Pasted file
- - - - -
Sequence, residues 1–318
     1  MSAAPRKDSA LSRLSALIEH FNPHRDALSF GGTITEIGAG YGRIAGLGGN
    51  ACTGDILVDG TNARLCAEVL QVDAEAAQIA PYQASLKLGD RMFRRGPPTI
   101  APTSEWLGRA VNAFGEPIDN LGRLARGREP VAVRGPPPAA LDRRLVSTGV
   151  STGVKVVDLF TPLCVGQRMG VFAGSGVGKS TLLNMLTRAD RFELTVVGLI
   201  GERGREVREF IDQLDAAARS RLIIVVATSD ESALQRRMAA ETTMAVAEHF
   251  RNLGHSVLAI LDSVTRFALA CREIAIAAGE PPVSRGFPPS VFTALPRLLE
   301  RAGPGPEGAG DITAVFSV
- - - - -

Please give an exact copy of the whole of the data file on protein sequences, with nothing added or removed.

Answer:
Sequence, residues 1–318
     1  MSAAPRKDSA LSRLSALIEH FNPHRDALSF GGTITEIGAG YGRIAGLGGN
    51  ACTGDILVDG TNARLCAEVL QVDAEAAQIA PYQASLKLGD RMFRRGPPTI
   101  APTSEWLGRA VNAFGEPIDN LGRLARGREP VAVRGPPPAA LDRRLVSTGV
   151  STGVKVVDLF TPLCVGQRMG VFAGSGVGKS TLLNMLTRAD RFELTVVGLI
   201  GERGREVREF IDQLDAAARS RLIIVVATSD ESALQRRMAA ETTMAVAEHF
   251  RNLGHSVLAI LDSVTRFALA CREIAIAAGE PPVSRGFPPS VFTALPRLLE
   301  RAGPGPEGAG DITAVFSV